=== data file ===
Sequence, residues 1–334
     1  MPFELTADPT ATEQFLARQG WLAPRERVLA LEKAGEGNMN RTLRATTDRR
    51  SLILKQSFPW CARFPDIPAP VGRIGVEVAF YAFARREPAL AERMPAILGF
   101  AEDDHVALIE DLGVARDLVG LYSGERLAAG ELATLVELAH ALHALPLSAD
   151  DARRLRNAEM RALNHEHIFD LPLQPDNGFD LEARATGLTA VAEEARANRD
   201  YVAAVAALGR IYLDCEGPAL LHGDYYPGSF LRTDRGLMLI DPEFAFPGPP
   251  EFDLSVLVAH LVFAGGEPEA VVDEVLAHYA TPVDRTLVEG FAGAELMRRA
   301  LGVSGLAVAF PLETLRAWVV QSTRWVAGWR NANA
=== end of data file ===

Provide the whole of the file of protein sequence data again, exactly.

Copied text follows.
Sequence, residues 1–334
     1  MPFELTADPT ATEQFLARQG WLAPRERVLA LEKAGEGNMN RTLRATTDRR
    51  SLILKQSFPW CARFPDIPAP VGRIGVEVAF YAFARREPAL AERMPAILGF
   101  AEDDHVALIE DLGVARDLVG LYSGERLAAG ELATLVELAH ALHALPLSAD
   151  DARRLRNAEM RALNHEHIFD LPLQPDNGFD LEARATGLTA VAEEARANRD
   201  YVAAVAALGR IYLDCEGPAL LHGDYYPGSF LRTDRGLMLI DPEFAFPGPP
   251  EFDLSVLVAH LVFAGGEPEA VVDEVLAHYA TPVDRTLVEG FAGAELMRRA
   301  LGVSGLAVAF PLETLRAWVV QSTRWVAGWR NANA